|Brazilian runner with a profound longing for death (via KaiChanVong)|
Pedestrian fatalities increased slightly for the first time in four years in the first six months of 2010, according to a report released last week by the Governors Highway Safety Association ...Deaths are on the rise, or they were for six months. Cower! Whimper! And yet --
Nationally, pedestrian traffic fatalities had dropped to 4,091 in 2009 from 4,892 in 2005, the report stated.Oh. Somehow, 2009 -- evidently the last year for which full-year records exist -- saw a record low in pedestrian deaths, even as it was, for its time, the most MP3-player-rich year in human history.
A report in the WaPo confirms we are not being visited by a Plague of Pedestrian Deaths in the MP3 Age:
Pedestrian fatalities account for 12 percent of all roadway deaths - 4,092 in 2009 ... That year, overall traffic deaths dropped to their lowest level in 60 years.Back to the NYT, though -- hair on fire!
“One of the reasons we think the trend may be turning negatively is because of distracted pedestrians,” said Jonathan Adkins, spokesman for the safety group.To summarize the statistics presented: after 60 years of improvement, the first half of 2010 saw a slight uptick in pedestrian deaths. If you're not wetting yourself at that -- cheeks and pants -- you're not paying attention. Focus, damn you! Take off those headphones!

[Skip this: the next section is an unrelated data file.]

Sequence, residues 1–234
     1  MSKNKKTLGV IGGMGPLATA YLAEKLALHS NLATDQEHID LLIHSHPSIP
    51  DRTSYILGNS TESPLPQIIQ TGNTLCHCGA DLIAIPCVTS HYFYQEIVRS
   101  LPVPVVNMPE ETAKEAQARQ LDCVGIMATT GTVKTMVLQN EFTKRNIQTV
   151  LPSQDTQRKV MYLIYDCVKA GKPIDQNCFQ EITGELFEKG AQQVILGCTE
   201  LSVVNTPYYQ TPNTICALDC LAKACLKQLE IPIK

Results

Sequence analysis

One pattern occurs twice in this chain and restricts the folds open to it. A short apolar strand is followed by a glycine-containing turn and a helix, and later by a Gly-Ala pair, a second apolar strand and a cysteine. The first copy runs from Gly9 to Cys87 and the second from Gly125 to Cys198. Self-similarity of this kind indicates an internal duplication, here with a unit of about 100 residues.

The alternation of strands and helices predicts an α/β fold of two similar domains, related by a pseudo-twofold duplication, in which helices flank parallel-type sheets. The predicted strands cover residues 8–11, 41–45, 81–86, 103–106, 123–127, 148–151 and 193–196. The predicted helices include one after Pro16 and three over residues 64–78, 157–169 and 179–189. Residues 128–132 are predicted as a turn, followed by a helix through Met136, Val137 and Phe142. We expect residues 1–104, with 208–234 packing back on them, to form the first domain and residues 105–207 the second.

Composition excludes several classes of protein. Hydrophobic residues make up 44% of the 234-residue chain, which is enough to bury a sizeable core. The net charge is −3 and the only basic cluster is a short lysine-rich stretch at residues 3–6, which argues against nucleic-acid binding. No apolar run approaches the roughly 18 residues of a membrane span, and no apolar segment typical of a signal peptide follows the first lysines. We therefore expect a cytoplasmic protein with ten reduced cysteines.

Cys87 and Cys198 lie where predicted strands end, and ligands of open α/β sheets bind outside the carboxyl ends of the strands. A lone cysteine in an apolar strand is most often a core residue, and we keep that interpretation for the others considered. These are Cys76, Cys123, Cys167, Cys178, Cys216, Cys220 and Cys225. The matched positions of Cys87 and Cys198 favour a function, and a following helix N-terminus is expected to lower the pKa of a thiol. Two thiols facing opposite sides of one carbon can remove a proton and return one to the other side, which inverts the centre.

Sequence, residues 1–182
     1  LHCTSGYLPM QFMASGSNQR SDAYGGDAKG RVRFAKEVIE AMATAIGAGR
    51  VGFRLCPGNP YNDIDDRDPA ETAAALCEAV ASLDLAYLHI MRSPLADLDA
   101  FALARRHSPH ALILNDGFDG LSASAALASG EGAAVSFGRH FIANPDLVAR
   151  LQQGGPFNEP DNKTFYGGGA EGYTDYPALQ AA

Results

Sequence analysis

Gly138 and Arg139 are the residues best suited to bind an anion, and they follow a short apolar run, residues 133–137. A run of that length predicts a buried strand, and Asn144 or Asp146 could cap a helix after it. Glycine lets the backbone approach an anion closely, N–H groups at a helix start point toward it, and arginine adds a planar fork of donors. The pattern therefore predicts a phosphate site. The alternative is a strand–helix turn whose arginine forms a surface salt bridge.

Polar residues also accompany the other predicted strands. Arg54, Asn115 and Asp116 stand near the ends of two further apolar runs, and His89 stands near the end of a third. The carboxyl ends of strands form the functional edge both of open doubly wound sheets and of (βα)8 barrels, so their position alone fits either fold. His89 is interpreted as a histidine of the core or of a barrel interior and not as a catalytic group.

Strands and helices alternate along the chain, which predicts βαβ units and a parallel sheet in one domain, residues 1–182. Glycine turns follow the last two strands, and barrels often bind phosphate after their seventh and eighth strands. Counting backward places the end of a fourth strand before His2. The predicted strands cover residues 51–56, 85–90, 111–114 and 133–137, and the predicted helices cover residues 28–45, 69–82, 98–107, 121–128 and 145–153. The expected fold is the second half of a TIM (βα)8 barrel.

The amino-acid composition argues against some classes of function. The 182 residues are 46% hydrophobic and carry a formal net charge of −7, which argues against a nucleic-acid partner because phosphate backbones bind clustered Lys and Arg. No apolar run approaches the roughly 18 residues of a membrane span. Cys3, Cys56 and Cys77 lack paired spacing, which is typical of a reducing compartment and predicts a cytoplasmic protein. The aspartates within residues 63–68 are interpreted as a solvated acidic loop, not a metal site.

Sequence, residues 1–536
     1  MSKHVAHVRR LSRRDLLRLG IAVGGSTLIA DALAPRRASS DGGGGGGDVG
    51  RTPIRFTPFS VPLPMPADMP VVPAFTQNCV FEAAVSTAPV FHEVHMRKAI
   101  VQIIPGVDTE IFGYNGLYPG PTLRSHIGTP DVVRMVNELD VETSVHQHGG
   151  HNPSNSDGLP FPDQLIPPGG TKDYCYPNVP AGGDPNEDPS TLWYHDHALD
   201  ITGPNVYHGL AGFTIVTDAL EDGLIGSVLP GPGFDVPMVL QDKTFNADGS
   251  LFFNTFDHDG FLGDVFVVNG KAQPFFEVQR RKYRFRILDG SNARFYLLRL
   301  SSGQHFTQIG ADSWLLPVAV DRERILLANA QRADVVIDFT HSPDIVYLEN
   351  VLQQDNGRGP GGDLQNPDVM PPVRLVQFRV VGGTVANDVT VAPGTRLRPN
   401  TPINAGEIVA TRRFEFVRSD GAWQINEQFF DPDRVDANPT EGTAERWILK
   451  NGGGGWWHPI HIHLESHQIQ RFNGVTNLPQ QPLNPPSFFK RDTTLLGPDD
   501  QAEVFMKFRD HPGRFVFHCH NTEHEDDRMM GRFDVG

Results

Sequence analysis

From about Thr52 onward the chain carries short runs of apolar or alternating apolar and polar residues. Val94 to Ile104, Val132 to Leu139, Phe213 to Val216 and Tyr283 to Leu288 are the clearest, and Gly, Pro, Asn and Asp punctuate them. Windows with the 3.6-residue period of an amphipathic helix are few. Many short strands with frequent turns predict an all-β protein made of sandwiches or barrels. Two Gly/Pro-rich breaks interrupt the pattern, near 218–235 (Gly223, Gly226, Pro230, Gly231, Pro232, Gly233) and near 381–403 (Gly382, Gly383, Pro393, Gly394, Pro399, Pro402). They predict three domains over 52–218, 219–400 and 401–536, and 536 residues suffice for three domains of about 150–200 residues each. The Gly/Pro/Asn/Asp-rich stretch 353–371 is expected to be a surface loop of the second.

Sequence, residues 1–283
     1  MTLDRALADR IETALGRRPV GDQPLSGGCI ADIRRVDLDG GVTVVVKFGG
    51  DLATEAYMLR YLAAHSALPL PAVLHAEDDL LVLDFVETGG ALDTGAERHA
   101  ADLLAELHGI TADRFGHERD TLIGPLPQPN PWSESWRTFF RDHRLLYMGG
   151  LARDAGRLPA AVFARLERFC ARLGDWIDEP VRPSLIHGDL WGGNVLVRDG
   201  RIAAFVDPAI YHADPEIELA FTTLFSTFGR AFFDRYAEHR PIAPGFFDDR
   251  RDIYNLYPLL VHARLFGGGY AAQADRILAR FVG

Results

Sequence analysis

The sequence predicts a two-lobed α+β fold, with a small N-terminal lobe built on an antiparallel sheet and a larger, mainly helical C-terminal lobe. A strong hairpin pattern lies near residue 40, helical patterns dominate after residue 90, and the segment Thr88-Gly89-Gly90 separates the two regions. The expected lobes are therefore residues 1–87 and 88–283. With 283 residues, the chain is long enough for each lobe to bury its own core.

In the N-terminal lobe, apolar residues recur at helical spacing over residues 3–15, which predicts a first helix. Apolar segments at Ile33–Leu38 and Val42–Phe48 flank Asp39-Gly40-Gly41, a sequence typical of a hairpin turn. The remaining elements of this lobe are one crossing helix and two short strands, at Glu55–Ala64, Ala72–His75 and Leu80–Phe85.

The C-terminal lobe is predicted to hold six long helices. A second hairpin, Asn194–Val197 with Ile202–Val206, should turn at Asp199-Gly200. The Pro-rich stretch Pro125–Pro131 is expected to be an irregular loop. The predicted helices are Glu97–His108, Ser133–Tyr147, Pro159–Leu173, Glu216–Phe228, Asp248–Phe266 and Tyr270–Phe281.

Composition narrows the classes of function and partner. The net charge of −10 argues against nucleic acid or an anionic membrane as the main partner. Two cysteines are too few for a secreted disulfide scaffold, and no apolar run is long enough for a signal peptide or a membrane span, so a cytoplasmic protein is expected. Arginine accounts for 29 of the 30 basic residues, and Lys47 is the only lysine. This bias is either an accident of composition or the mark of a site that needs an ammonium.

If we are to endure as a species, the only sensible response is to adopt Jonathan Adkins's speculation -- his "one of the reasons we think" stuff -- as established fact and ban the wearing of headphones while walking or running, as is now proposed in New York and jurisdictions beyond:
In New York, a bill is pending in the legislature’s transportation committee that would ban the use of mobile phones, iPods or other electronic devices while crossing streets — runners and other exercisers included. Legislation pending in Oregon would restrict bicyclists from using mobile phones and music players, and a Virginia bill would keep such riders from using a “hand-held communication device.”Never mind that collisions necessarily involve a minimum of two parties, such that anywhere from zero to all parties are paying inadequate attention. Never mind that sources of distraction vary widely -- the sky's the limit, really, but then again it's common enough to be distracted by something happening in the sky. All that aside, surely the only sensible response is to embrace Jonathan Adkins's speculations as fact and legally bar pedestrians from using headphones.
As I cherish wearing headphones while walking and running, this is disappointing, but I cannot dispute the reasoning behind it. If only -- if only, I shake my fist at the heavens and repeat -- there were some way other than the sense of hearing to detect the presence or absence of vehicular traffic. If only! Alas, no. I have gradually conceded that days with unusually high ambient noise simply are not safe for running or walking, with or without headphones.
I have tried to perfect the ability to draw on my sense of smell to detect the presence/absence of vehicles, but it's difficult. We humans simply don't have adequate olfactory powers.
If only we had another sense! I hope footwear manufacturers will develop something to fill this terrible gap in our human abilities, as they've done so many times before, but until then, we must embrace the legal ban on headphones for pedestrians.
I hope this sensible measure leads to a legal ban on playing music inside moving vehicles, whether through headphones or not. Only then will we be safe forever from the first half of 2010's very slight uptick in pedestrian deaths.